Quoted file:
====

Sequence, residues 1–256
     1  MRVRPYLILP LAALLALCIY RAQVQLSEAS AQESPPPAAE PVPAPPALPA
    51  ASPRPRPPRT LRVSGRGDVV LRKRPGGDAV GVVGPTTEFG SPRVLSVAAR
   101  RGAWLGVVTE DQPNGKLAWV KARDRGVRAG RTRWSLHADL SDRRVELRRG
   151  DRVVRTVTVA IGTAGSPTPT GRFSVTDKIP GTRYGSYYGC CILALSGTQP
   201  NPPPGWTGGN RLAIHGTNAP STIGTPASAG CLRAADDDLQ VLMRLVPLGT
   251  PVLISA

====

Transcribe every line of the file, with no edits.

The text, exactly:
Sequence, residues 1–256
     1  MRVRPYLILP LAALLALCIY RAQVQLSEAS AQESPPPAAE PVPAPPALPA
    51  ASPRPRPPRT LRVSGRGDVV LRKRPGGDAV GVVGPTTEFG SPRVLSVAAR
   101  RGAWLGVVTE DQPNGKLAWV KARDRGVRAG RTRWSLHADL SDRRVELRRG
   151  DRVVRTVTVA IGTAGSPTPT GRFSVTDKIP GTRYGSYYGC CILALSGTQP
   201  NPPPGWTGGN RLAIHGTNAP STIGTPASAG CLRAADDDLQ VLMRLVPLGT
   251  PVLISA